Categorized | National News

Public School Administrators Participate In Leadership Programme

Sixty-three public school administrators who are graduates of the Institute for Educational Leadership were recognised and celebrated for their achievements at a pinning ceremony recently.

The administrators successfully completed a 12-month eight modular course that was launched in 2007 by the Ministry of Education in partnership with the College of The Bahamas. The graduates were pinned by Governor General Sir Arthur Foulkes.

Education Minister Jerome Fitzgerald told the graduates that the government and citizens are expecting and demanding more of the educational system.

“They are looking to you to lead the way to better results and students who are equipped with the knowledge, skills, character and patriotism to build a better Bahamas,” he said.

“The government is adamant in its stance that no child should be left behind for any reason. This is one of the primary goals reflected in the Charter for Governance which states that education is the key to empowerment.”

The system must afford each child opportunities to identify and prepare for a career best suited to their interests and strengths which will allow them to be self-sufficient, contributing members of society, Minister Fitzgerald said.

He urged administrators to be courageous and willing to ensure that when students leave school they are equipped with a skill or understanding that enables them to get a job.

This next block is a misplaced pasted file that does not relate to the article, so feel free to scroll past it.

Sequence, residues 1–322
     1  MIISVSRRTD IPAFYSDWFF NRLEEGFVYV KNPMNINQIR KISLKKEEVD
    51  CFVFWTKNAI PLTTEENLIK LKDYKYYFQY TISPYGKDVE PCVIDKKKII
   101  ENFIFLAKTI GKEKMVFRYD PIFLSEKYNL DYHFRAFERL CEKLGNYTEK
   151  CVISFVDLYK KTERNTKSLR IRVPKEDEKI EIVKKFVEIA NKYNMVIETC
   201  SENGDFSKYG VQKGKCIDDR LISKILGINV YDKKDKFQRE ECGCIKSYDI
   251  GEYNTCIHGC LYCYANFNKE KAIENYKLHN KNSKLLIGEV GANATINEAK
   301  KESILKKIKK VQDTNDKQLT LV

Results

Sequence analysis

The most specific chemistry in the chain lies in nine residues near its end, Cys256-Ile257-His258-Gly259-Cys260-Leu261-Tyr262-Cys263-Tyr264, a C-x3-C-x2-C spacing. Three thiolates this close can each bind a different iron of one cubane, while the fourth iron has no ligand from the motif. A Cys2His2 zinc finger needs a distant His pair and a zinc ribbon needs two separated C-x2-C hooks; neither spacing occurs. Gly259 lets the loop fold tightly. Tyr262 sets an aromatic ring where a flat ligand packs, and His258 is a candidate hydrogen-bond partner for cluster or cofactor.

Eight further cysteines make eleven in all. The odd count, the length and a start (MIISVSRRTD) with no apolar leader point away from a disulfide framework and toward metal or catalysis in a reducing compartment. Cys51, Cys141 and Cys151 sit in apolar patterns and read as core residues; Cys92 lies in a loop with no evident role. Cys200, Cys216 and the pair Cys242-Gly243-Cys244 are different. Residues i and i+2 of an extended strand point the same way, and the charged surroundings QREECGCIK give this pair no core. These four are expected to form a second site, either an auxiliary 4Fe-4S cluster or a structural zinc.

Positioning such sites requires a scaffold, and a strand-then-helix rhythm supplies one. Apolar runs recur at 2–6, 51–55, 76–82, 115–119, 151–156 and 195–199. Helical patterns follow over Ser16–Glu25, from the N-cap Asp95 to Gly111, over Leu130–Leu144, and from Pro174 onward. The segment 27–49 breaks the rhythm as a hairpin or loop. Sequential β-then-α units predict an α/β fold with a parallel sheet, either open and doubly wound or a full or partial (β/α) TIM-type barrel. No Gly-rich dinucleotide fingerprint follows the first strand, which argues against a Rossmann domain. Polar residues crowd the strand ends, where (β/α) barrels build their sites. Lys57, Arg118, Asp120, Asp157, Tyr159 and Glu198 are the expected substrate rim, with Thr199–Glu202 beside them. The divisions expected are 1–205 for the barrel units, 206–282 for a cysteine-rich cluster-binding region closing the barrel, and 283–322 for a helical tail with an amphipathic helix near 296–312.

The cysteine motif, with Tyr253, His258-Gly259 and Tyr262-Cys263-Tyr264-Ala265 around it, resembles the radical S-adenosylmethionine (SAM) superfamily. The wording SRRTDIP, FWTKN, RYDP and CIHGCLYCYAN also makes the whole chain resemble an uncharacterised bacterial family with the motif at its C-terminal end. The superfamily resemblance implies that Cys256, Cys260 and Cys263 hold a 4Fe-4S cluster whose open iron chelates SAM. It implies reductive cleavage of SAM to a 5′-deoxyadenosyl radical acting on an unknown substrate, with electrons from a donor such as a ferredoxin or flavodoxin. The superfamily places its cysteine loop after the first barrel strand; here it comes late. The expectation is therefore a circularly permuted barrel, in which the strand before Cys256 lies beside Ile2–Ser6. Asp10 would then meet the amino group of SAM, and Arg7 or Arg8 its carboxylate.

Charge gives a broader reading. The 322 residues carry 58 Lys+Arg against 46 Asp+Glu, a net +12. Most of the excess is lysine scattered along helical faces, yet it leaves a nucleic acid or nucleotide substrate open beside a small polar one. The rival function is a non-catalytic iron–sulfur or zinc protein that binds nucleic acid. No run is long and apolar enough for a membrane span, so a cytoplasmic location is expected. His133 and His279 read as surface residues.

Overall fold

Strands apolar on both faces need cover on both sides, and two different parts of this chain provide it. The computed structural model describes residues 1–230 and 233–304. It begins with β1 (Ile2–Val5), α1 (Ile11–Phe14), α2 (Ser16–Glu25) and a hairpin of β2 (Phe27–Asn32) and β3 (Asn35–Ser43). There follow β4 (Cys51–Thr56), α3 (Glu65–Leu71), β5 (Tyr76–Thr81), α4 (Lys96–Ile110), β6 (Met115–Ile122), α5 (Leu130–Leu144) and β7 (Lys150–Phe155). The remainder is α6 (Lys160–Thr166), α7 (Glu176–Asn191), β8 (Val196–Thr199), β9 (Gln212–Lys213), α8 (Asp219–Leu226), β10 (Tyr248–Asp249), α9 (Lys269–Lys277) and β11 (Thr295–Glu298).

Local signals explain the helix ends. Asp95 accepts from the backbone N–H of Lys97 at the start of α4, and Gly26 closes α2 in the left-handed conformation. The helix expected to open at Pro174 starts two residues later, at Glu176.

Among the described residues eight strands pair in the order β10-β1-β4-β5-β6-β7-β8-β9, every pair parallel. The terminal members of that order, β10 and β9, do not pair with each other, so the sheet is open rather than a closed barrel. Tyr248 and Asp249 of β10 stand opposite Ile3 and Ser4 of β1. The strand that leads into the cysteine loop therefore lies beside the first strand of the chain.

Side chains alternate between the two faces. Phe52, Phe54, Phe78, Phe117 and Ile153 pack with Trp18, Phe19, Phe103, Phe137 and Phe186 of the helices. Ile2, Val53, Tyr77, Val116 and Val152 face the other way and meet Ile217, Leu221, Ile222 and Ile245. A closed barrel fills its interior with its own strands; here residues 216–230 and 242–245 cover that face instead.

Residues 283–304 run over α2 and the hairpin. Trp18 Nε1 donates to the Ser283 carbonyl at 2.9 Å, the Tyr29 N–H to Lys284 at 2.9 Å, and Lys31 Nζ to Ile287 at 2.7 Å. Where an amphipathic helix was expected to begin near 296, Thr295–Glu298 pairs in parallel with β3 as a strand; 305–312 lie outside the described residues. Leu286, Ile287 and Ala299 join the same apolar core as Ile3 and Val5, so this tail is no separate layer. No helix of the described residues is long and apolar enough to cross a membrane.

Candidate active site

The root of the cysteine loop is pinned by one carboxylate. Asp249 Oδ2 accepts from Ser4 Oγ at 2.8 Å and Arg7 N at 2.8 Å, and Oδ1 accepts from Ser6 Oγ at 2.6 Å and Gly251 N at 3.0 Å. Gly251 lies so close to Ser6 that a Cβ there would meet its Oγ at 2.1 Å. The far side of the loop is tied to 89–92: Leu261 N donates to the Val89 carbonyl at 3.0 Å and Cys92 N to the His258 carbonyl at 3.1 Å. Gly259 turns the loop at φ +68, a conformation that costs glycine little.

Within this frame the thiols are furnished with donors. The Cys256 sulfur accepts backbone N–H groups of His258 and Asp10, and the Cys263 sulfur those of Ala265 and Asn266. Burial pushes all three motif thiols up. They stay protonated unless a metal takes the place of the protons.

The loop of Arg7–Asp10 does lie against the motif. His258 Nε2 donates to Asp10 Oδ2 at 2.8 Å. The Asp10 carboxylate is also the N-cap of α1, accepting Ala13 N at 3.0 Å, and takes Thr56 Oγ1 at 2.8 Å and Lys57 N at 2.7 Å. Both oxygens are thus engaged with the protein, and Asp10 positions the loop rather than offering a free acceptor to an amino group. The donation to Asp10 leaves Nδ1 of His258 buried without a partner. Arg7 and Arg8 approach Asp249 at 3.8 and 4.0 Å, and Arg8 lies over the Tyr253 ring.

“This thrust should be one of the primary goals of all of our school leaders,” he said.

With over $2 million pumped into the institute to date, Minister Fitzgerald expressed interest in the Monitoring and Evaluation Unit’s findings with regard to the impact of the programme on the operations of schools.

“The reality is that this investment must garner a return and if it is not doing so we have to explore the reasons and make adjustment for maximum productivity,” said the minister.

He emphasised that the government is determined to raise the regard which Bahamians have for applied academics; subjects that require the acquisition of hands-on training and skills.

“Raising the acceptance of applied academics in the curriculum should therefore be one of the new modules of this programme,” he said.

Two hundred and sixty three administrators from New Providence, Grand Bahama and the Family Islands have participated in the programme thus far.

The curriculum includes: theories and principles of leadership, school environment, developing staff and community relations, research and evaluation, curriculum development, delivery and assessment and school finance.

The goals of the programme are to provide professional development opportunities for public school administrators, offer certified standardised leadership training for all public school administrators and allow the inclusion of leadership certification as a new criterion for the promotion of school administrators.

Written by Jones Bahamas

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